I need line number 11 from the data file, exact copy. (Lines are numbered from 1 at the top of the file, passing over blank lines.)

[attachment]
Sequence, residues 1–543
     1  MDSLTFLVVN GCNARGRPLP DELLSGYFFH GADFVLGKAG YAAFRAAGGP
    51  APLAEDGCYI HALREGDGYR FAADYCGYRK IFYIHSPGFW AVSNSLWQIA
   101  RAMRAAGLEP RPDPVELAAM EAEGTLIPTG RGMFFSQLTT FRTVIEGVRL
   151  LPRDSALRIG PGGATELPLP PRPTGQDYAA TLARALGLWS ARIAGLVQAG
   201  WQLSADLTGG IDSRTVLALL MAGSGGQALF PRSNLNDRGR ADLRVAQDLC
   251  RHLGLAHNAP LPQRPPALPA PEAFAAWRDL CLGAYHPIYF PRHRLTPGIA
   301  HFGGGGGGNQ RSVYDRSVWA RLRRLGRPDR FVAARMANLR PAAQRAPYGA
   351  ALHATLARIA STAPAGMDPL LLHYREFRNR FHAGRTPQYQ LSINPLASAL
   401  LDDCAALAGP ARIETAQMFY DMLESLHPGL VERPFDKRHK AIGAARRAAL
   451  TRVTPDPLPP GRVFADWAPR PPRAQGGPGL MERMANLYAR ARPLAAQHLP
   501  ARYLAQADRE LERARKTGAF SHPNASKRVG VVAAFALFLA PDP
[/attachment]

   451  TRVTPDPLPP GRVFADWAPR PPRAQGGPGL MERMANLYAR ARPLAAQHLP